A digital illustration showing a person standing at a fork in a path, contemplating two distinct landscapes. On the left, a green and lush environment symbolizes renewable energy, complete with a sun and leaf icon floating above. On the right, a dark, industrial landscape represents fossil fuels, with a smokestack and oil barrel icon.

Are all green energy tariffs as green as they seem?

The energy market is teeming with tariffs labelled as ‘green’ or ‘renewable,’ but what lies beneath these claims? According to the Ethical Consumer, many suppliers buy Renewable Energy Guarantee of Origin Certificates (REGOs) to market fossil fuel-derived energy as ‘green electricity.’ These certificates can be traded on a secondary market, allowing suppliers to claim their energy is green without sourcing it directly from renewable resources.

Ethical Consumer highlights Good EnergyEcotricity and GEUK as ‘best buys.’ These are the only tariffs that can be genuinely considered 100% renewable. For those seeking tailored advice, a specialist broker like Squeaky can guide you through the process, ensuring environmental considerations are at the forefront of your decision.

If you are a business with substantial energy needs, e.g. from manufacturing processes or large-scale data processing, you may be able to benefit from a Power Purchase Agreement. Such agreements involving sourcing renewable energy directly and can provide a stable, greener and often more affordable source of electricity over the long term. Again, specialists such as Squeaky are a good place to start in exploring such possibilities.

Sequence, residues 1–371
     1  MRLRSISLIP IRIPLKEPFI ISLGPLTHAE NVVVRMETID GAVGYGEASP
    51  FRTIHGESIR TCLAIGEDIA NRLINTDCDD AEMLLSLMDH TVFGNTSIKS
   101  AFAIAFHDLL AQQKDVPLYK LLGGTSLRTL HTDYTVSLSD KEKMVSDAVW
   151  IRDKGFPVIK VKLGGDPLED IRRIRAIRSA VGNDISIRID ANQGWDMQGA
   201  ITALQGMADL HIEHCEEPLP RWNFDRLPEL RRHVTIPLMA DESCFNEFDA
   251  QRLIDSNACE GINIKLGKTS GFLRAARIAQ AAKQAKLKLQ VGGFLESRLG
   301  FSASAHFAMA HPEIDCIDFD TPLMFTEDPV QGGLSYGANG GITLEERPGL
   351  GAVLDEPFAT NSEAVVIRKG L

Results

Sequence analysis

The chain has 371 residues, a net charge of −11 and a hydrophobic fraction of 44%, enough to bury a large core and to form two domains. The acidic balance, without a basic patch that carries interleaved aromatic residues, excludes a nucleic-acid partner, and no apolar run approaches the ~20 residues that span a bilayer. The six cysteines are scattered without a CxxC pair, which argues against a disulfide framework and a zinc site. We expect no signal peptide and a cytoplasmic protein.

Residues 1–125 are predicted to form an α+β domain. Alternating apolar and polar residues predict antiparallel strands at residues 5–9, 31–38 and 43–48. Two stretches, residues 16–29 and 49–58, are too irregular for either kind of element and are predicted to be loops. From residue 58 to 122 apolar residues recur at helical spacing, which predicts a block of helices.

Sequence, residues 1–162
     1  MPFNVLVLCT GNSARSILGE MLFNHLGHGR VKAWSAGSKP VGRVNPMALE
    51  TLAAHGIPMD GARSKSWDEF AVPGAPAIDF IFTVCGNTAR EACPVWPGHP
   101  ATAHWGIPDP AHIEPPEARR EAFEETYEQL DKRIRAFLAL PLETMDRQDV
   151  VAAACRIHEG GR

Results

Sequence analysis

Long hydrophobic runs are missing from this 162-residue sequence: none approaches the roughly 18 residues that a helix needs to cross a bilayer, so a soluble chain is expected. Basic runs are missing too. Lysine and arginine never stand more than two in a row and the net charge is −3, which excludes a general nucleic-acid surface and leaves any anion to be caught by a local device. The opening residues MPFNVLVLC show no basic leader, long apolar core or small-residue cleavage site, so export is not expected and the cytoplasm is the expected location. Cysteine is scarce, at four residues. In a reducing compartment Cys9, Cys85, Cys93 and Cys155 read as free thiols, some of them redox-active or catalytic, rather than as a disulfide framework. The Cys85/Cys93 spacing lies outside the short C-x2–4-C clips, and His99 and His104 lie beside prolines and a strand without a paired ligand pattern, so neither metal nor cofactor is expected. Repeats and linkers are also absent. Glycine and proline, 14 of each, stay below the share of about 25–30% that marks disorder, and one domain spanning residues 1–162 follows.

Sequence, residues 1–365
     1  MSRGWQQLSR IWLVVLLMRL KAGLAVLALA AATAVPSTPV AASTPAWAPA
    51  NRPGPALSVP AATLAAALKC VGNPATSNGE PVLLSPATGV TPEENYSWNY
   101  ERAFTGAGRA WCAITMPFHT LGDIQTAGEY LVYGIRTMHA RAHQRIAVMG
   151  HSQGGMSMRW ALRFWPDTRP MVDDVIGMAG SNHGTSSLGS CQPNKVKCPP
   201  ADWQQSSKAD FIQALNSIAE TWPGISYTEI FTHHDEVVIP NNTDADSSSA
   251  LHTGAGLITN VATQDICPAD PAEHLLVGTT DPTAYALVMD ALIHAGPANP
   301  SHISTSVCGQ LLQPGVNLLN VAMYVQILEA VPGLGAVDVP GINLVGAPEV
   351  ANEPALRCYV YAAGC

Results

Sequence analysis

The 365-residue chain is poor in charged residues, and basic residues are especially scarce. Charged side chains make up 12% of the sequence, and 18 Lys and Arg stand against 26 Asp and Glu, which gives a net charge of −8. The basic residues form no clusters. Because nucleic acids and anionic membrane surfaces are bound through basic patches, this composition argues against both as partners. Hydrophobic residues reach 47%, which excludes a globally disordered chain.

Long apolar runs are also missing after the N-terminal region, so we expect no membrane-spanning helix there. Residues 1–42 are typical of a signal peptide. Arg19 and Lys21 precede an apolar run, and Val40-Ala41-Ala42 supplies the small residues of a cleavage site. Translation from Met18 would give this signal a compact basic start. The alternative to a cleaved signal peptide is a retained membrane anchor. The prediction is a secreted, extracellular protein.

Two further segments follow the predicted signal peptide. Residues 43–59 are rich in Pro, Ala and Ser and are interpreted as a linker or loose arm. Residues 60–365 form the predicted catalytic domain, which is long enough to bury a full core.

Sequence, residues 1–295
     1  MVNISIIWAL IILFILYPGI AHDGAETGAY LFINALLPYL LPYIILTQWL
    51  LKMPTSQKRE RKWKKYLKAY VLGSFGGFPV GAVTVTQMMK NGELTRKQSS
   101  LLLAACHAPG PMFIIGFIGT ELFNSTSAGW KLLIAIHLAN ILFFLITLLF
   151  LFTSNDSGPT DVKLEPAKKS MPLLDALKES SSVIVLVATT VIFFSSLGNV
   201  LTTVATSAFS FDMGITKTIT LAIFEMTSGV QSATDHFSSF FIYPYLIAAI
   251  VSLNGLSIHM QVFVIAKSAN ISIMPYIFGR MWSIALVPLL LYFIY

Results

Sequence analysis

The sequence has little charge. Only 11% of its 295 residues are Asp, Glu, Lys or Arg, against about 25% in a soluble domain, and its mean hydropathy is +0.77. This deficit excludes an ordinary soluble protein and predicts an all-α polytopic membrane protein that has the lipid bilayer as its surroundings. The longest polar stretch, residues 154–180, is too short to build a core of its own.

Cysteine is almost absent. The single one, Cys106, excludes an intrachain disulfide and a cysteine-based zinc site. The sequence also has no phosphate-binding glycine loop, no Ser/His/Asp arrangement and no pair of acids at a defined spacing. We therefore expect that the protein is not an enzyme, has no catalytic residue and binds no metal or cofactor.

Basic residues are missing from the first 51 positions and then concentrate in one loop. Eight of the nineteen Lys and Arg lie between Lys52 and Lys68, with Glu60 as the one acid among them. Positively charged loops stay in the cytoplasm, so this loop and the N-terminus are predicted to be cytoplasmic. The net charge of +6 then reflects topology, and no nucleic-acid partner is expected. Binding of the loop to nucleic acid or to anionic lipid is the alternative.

Tenant Rights and Green Energy

Directly Paying Tenants

If you are a commercial tenant directly paying for the electricity bill, you are legally entitled to change your energy supplier. Ofgem’s advice on how to switch suppliers as a tenant says that a “default supplier clause” in your tenancy agreement allows your letting agent or your landlord to have the final decision on hiring a preferred energy supplier regardless of your preference. However, under this situation, you can still legally request the change. 

Tenants Not Directly Paying for Electricity

For those not directly paying for electricity, the situation is more complex. The decision to change suppliers lies with the landlord. However, you can explore modifying your tenancy agreement to become the bill payer or persuade your landlord about the benefits of switching suppliers. If you are a commercial tenant in a shared building, consider joining forces with the other tenants to put pressure on your landlord to change.

Distinguishing truly green tariffs from those masquerading as sustainable is crucial in making ethical and environmentally conscious choices. Whether you’re selecting a tariff for your home or navigating the complexities of tenant rights, understanding the intricacies of the green energy market empowers you to make informed decisions. To explore the issues involved here in more detail, see this excellent guide from Ethical Consumer Guide to Gas and Electricity Tariffs or this Insight piece from Squeaky.

A digital illustration showing a person standing at a fork in a path, contemplating two distinct landscapes. On the left, a green and lush environment symbolizes renewable energy, complete with a sun and leaf icon floating above. On the right, a dark, industrial landscape represents fossil fuels, with a smokestack and oil barrel icon.